FIG. 4 is a longitudinal sectional view of a fourth embodiment of a static mixer portion of a flotation apparatus according to the invention having an alternative inlet device.
FIG. 5 is an enlarged axial sectional view of the flotation cyclone of the flotation apparatus of FIG. 1.
FIG. 6 is a front and partial axial sectional view of a second embodiment of a flotation cyclone of the flotation apparatus according to the invention.
FIG. 7 is a top view of the cyclone of FIG. 6.
FIG. 8a is an axial sectional view of a third embodiment of a flotation cyclone of the flotation apparatus according to the invention.
FIG. 8b is an axial sectional view of a fourth embodiment of a flotation cyclone of the flotation apparatus according to the invention.
FIG. 8c is an axial sectional view of a fifth embodiment of a flotation cyclone of the flotation apparatus according to the invention.
FIG. 8d is an axial sectional view of a sixth embodiment of a flotation cyclone of the flotation apparatus according to the invention.
FIG. 8e is an axial sectional view of a seventh embodiment of a flotation cyclone of the flotation apparatus according to the invention.
FIG. 8f is an axial sectional view of an eighth embodiment of a flotation cyclone of the flotation apparatus according to the invention.
According to the invention, a flotation cyclone is the first flotation (i.e. separation) device of a flotation system for removing particles, such as ink particles, from sludge (e.g., a waste paper suspension). The flotation cyclone is disposed upstream of a remainder of the flotation apparatus and downstream of a static mixer. In a preferred apparatus according to the invention, the flotation cyclone is designed to have a rising cyclone flow with an acceleration of about 5 to about 100 times gravitational acceleration, with foam being removed from a top portion of the cyclone.
The static mixer of a preferred apparatus according to the invention preferably has a channel in which very turbulent flow of the flotation sludge is created with the aid of protrusions on boundary walls of the mixer which define the channel. The protrusions are preferably in the form of elongate projections or ridges.
It is also preferable to design a secondary part or section of the flotation apparatus as a combination of a static mixer and a conventional flotation cell.
Furthermore, preferably, the static mixer boundary walls define a relatively flat channel having wide oppositely disposed boundary walls. Each wall has elongate projections and corresponding recesses which run parallel to one another, or have an angular deviation of at most about 8° from projection to projection or from groups of projections to groups of neighboring projections. Also, preferably, the elongate projections of one boundary wall cross in superposed relationship the elongate projections of the opposing boundary wall of the channel. Such a static mixing device is disclosed in DE 43 14 507 (corresponding to U.S. Pat. No. 5,437,784; issue date: Aug. 1, 1995). A flotation cyclone of suitable design is described in EP 94103747.5.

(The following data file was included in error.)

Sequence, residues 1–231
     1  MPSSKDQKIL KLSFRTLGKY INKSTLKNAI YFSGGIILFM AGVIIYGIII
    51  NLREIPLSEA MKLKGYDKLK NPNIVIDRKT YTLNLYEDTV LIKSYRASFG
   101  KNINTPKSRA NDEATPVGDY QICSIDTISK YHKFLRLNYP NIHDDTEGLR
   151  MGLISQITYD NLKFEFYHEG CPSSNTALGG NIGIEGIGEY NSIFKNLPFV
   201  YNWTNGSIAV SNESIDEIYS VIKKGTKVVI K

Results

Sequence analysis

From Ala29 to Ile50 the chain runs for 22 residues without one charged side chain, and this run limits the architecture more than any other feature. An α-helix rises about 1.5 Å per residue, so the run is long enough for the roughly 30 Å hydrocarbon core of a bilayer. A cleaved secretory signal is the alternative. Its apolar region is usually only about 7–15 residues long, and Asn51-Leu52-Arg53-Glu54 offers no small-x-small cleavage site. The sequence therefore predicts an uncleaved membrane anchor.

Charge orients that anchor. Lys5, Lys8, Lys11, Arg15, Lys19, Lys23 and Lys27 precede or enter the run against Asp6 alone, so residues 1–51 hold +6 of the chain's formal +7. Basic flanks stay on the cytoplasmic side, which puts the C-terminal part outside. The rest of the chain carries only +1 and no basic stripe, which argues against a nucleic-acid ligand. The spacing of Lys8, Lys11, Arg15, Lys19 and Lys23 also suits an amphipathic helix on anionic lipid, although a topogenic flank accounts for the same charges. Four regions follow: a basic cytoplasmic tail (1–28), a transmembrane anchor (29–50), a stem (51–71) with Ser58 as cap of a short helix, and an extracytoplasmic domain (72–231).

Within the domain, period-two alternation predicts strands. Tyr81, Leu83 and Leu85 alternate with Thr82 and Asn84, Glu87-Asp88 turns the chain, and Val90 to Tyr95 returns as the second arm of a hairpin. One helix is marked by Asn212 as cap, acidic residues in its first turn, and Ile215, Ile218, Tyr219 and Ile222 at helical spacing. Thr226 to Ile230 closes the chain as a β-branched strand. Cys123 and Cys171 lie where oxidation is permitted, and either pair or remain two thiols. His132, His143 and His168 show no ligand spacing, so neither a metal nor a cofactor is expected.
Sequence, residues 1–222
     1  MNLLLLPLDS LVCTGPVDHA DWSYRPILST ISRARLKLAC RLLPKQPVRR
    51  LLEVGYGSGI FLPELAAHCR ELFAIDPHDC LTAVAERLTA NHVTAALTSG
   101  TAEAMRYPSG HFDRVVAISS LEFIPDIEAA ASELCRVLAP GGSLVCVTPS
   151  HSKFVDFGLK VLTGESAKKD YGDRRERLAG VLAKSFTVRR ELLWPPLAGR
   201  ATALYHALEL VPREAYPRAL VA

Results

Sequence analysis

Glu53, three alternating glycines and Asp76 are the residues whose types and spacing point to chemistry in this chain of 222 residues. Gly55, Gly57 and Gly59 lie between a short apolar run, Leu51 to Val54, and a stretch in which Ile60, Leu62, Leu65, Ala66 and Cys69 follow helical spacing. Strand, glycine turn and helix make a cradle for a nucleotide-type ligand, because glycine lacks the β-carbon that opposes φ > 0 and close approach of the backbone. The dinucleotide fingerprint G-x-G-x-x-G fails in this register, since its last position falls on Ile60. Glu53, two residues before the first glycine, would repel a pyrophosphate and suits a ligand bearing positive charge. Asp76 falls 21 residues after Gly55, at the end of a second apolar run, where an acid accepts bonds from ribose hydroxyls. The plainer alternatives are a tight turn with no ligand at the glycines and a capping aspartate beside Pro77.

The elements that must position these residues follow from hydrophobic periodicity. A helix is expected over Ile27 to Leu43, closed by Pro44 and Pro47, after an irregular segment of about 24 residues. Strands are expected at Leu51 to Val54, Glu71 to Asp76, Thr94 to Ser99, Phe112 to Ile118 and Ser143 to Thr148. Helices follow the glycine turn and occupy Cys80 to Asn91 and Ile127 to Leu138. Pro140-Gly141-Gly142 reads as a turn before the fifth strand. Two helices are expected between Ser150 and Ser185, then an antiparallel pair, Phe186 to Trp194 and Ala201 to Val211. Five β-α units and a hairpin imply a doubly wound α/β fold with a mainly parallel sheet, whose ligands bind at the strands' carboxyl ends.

Several embodiments of flotation section in lieu thereof according to the invention, which primarily operate by gravity (gravitational acceleration) may be used in an apparatus according to the invention. As examples, reference is made herein to DE 31 44 387 and DE 30 05 815.
With respect to the drawing figures, FIG. 1 shows a flotation apparatus according to the invention having a cyclone 1.1 utilized as a first portion or step of a primary flotation apparatus section. The cyclone 1.1 and a connected downstream flotation device 2 constitute the primary flotation section of the apparatus. The flotation installation of device 2 designates flotation cells of a conventional design which essentially operate under gravitational force. A flotation portion 1.2 is disposed downstream of and is connected to the primary flotation section. The flotation portion 1.2 and a static mixer 3.2 make up a secondary flotation section of the inventive flotation apparatus. The main lines for transporting flotation of sludge through the apparatus are 90, 92, 93 and 96. Sludge flows into the static mixer 3.1 via the line 90 and then into the flotation cyclone 1.1. Flotation sludge flows out of the cyclone 1.1 via the line 92 and into the flotation device in lieu thereof 2. The flotation cells of the flotation device in lieu thereof 2 of the apparatus preferably are of a structure as given in the publications mentioned at the outset herein. Such flotation devices have a common foam channel 81 into which the flotation foam runs. This flotation foam is further purified in the secondary flotation portion which is designed here as a combination of the static mixer 3.2 and the conventional flotation cell 1.2. Inlet parts of the flotation cyclone 1.1 and the flotation portion 1.2 are the static mixers 3.1 and 3.2, respectively, which will be described in greater detail herein and are explained in detail in DE 43 14 507.